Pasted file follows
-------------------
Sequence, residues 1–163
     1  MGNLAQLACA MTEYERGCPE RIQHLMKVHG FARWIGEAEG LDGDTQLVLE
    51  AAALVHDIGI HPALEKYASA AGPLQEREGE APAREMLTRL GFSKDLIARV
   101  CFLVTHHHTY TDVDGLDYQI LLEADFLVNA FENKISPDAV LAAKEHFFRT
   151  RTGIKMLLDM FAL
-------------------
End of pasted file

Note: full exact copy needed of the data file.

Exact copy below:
Sequence, residues 1–163
     1  MGNLAQLACA MTEYERGCPE RIQHLMKVHG FARWIGEAEG LDGDTQLVLE
    51  AAALVHDIGI HPALEKYASA AGPLQEREGE APAREMLTRL GFSKDLIARV
   101  CFLVTHHHTY TDVDGLDYQI LLEADFLVNA FENKISPDAV LAAKEHFFRT
   151  RTGIKMLLDM FAL